Advances in Civil Engineering

Advances in Civil Engineering / 2021 / Article

Research Article | Open Access

Volume 2021 |Article ID 5580292 | https://doi.org/10.1155/2021/5580292

Zhangqi Hu, Ran He, Yukui Wang, Weirong Lv, Jingchao Li, "Experimental Study on Mechanical Performance of U-Shaped Steel-Encased Concrete Composite Beam-Girder Joints", Advances in Civil Engineering, vol. 2021, Article ID 5580292, 14 pages, 2021. https://doi.org/10.1155/2021/5580292

Experimental Study on Mechanical Performance of U-Shaped Steel-Encased Concrete Composite Beam-Girder Joints

Academic Editor: Payam Shafigh
Received23 Feb 2021
Accepted07 May 2021
Published24 May 2021

Abstract

This paper proposes a novel U-shaped steel-encased concrete composite beam-girder joint (referred to herein as the novel composite beam-girder joint), in which the U-shaped beams at two sides (L and R) are inserted into a shaped sleeve, and the U-shaped girder and two U-shaped beams are connected by the shaped sleeve through welding. Compared with the traditional beam-girder joints, the novel composite beam-girder joints take advantage of easy construction, light weight, and short construction period. The failure patterns, load-strain and load-deflection curves, and strain distributions of the novel composite beam-girder joints were investigated through the static loading tests on two full-scale specimens, denoted as GBJ1 and GBJ2. The two specimens were varied in beam section reinforcements. Specimen GBJ2 was equipped with 3Ф16 additional bars in the U-shaped beams based on Specimen GBJ1. Test results show that the two specimens failed as the through arc cracks developed at the concrete slab interfaces. The additional bars can increase the bearing capacity slightly but will also increase the stress concentration on the bottom flange of the shaped sleeve, leading to the decrease of ductility for Specimen GBJ2. The slab effect is considered in the test and can thus reflect the actual stress state of the beam-girder joints well. This study can provide a reference for the design and application of beam-girder joints.

1. Introduction

Beam-girder joints are widely used in frames, and the construction types relate directly to the reliability of the structure and the construction period. Three of the commonly used beam-girder joints [1, 2] are shown in Figure 1. These traditional beam-girder joints face problems, such as complex construction, slow progress, and insufficient ductility. Therefore, researchers proposed some improved beam-girder joints, such as the reinforced concrete beam-girder composite joint [3], shown in Figure 2(a); the composite RC (reinforced concrete) beam-girder joint with rebars lapping in the pressed sleeve [4], shown in Figure 2(b); the joint of a concrete girder and an inserted steel secondary beam [5], shown in Figure 2(c). The beam-girder joints shown in Figures 2(a) and 2(b) are prefabricated concrete structures, and the indicators of ductility, stiffness, and bearing capacity reflect the unsuitability of the two structures for large-span and spatial structures, which developed rapidly in recent years.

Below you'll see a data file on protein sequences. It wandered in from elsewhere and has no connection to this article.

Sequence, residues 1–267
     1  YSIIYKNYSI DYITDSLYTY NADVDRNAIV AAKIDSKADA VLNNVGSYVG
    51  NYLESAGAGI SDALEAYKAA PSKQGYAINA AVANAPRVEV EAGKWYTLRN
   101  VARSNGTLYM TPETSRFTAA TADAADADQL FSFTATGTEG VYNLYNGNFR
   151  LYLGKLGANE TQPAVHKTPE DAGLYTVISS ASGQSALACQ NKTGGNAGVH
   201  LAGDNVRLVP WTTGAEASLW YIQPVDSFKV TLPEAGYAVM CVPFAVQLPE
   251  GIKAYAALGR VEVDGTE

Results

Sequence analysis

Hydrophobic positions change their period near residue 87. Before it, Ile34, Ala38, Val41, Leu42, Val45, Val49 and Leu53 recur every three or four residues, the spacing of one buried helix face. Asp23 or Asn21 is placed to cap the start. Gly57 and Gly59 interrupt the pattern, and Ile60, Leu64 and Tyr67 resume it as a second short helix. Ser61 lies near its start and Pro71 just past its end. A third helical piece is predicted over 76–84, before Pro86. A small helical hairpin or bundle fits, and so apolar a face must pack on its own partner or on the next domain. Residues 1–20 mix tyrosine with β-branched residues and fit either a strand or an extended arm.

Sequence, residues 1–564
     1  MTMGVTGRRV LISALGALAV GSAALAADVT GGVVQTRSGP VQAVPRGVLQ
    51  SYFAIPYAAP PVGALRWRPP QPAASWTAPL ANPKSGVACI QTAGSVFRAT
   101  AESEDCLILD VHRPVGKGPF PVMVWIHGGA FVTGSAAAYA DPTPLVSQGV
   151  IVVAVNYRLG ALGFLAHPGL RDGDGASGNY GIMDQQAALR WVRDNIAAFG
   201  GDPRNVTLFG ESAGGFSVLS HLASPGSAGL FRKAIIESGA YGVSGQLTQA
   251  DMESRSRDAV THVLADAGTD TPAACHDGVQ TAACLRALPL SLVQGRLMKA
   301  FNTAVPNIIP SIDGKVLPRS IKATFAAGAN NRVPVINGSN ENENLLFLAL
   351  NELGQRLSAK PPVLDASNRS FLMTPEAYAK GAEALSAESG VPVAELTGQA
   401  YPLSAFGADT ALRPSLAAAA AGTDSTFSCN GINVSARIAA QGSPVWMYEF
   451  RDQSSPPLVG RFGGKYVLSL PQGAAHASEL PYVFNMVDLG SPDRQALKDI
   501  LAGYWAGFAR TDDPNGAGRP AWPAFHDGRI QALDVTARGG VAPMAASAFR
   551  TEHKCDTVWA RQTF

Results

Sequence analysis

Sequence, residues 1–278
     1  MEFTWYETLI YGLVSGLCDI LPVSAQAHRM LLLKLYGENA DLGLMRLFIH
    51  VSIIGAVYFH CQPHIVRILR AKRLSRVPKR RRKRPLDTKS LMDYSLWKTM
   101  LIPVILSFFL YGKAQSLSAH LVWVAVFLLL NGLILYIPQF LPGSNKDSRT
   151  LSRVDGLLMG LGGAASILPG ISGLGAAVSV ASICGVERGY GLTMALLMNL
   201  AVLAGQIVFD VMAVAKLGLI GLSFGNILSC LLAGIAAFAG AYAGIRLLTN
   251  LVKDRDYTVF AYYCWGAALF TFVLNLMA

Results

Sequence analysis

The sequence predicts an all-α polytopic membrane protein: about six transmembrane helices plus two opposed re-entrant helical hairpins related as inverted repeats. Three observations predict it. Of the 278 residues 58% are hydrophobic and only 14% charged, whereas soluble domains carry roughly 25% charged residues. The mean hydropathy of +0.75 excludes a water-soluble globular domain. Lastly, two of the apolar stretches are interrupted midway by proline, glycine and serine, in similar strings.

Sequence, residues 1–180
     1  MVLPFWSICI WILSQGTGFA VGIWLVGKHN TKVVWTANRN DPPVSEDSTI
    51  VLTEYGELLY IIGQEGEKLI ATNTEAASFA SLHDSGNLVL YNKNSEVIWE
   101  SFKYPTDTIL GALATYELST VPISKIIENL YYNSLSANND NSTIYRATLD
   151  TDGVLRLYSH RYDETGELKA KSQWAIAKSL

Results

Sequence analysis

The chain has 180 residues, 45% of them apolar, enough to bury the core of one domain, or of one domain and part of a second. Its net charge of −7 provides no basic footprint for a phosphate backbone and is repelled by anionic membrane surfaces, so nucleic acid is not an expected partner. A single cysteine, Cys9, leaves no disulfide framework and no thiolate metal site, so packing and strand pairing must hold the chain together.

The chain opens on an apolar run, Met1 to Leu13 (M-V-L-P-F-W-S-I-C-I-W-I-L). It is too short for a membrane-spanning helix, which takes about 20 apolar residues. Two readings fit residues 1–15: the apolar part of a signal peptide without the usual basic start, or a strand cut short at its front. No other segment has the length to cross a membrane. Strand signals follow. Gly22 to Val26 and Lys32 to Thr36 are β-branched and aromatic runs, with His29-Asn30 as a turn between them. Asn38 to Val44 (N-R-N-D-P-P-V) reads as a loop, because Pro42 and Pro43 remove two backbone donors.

Steel-concrete composite beams have the advantages of high bearing capacity, light weight, reduced beam depth, and good seismic performance, which can meet the demands of large-span and spatial structures on space and mechanics performance, and have thus been widely used in many buildings and bridges [68]. Figure 2(c) shows an improved steel beam-concrete girder joint, in which the steel beam and the concrete girder can be constructed simultaneously, shortening the construction time compared with that of traditional steel beam-concrete girder joints. However, instability may still occur if the structure is subjected to negative bending moment [9], which will affect the mechanics performance of the overall structure.